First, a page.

The ultimate goal was to place the timeframe that Archibald, Mary, Jack and Sarah left Chichester for Minnesota.  Archie went back to Glengarry per Miriam’s notes so I would think he would do that before winter set in.  Did he go there after the wedding in August 1901?

The following picture is of Sarah, an unknown young girl, and Jack (John Archibald McDonell).  It was taken in International Falls about 1913.  This photograph was shared by Elaine (Burns) Brown.   On the right side panel of this blog under “Family History Websites of Interest” is the link a link to Elaine’s website:  Welcome:  Burns, Hughes, Somerville, Gentle.

UPDATE:  January 9, 2013 The unknown girl is found.  Please refer to the comments below on this post to learn the identify of this young girl.

Sarah, Unknown Girl, Jack McDonald


Pembroke, Ontario: The Upper Ottawa Valley Genealogical Group & Library

June 15, 2012

It was Thursday, May 24, 2012 and the Upper Ottawa Valley Genealogical Library was open from 12-4 pm (also on Tuesdays 12-4 and the 3rd Saturday of the month).  I had been looking forward to visiting this archive having been a member of the online list for many years.  It would be a special day because I would be meeting a McDonald cousin who happened to be the librarian at the UOVGG library. 

There sign that is out in the back when open!

The UOVGG is located on the southwest corner of Dickson and Maple Street in Pembroke.  They are housed in the basement of the Masonic Lodge which a big building that dominates the corner.  You have to go into the parking lot and look at the back of the building to see the double doors to enter.

The entrance doors to UOVGG

 

The big Masonic Lodge

I went down some stairs and through some doors into this hallway and then I turned right into a large room with tables and was greeted by my cousin Diane Burnett, Librarian.  She said “You must be Bonnie.”  I said “Yes, I am.”

The main research area of the UOVGG

It was not to long before we were talking away and chatting about research.  She is the one who encouraged me to dig further into a John McDonell in Sheen. This is her family.  She had found this very blog and made a comment and that is the beginning of our getting to know each other.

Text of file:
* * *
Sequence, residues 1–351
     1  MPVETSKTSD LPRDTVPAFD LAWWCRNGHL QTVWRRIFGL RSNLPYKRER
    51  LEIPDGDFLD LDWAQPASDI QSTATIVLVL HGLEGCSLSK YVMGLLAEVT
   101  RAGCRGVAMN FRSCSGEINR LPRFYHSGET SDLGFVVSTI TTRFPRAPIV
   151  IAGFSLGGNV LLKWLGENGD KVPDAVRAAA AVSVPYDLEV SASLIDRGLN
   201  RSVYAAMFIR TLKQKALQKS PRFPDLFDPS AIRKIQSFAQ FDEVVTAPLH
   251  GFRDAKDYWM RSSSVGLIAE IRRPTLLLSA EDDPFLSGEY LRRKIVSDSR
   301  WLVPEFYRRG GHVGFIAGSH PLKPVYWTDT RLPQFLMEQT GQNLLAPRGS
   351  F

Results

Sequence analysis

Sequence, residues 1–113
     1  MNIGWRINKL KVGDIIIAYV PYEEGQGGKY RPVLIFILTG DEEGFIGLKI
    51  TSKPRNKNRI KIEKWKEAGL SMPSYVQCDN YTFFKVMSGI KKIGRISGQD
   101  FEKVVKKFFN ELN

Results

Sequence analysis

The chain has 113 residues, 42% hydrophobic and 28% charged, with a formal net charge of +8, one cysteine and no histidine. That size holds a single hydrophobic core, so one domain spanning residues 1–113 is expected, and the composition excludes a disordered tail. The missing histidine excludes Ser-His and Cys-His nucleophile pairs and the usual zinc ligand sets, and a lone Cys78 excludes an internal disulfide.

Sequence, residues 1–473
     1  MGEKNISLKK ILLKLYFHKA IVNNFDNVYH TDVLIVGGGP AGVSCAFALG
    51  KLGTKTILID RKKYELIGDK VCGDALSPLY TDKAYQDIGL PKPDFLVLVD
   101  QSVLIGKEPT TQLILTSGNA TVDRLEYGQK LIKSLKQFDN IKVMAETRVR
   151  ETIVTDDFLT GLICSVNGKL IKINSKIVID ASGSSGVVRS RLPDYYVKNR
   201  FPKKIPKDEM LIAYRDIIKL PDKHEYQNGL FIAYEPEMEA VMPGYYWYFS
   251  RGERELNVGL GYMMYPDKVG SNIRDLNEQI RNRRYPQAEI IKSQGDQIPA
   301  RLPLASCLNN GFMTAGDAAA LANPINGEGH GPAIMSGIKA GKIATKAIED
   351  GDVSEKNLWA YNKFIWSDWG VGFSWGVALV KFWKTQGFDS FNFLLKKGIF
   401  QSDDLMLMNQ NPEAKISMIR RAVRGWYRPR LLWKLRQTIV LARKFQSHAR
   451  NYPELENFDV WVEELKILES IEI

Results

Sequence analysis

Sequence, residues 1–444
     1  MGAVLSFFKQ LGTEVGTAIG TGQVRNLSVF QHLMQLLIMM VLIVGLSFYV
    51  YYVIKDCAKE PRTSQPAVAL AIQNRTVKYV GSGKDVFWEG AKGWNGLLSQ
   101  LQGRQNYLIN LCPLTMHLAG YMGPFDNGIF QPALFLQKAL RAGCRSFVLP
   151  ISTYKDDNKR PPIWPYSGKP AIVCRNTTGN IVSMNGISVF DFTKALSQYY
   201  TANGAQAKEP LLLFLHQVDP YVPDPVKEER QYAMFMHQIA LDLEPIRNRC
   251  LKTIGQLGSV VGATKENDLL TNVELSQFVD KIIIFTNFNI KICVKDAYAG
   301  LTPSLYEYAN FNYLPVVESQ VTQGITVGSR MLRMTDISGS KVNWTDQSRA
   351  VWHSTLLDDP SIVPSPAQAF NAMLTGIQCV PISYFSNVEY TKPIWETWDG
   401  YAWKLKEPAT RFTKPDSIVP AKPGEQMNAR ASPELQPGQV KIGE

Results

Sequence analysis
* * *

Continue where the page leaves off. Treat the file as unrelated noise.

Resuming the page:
As a result of her comment on my blog, I did a census study using John and Julia’s daughter Teresa who married a Hugh Downey and went to Saskatchewan.  I traced back and ended up with John’s family.  John is the brother to my Archibald McDonald.  See my posted March 31, 2012 “A Discovery: Archie’s brother John McDonell, living next door in Sheen?”  I had visited the grave of John and Julia McDonell at the St. Paul the Hermit Cemetery in Sheen and posted about it just recently.  Diane is very generous and has given me a print out of her research which will be devoured when I get the chance.

The Upper Ottawa Valley Genealogical Group is awesome.  I was very happy there and realized I probably should have planned several days digging into their holdings but I would content myself with the hours available.  My the time I left I would have a better idea of what they had in their holdings, the knowledge of the volunteers and the visual experience. 

Here is their website which has a lot of information and is very helpful: http://www.uovgg.ca/

One of the volunteers is working diligently on rescuing the McDonald Burying Ground which is between Renfrew town and Cobden from Hwy 17.  It is to the west up the hill on Sutherland Road.  There are only a few stones left in this cemetery.  This website has photographs of the few remaining stones. 

http://freepages.genealogy.rootsweb.ancestry.com/~murrayp/renfrew/westmeat/mcdonal/index.htm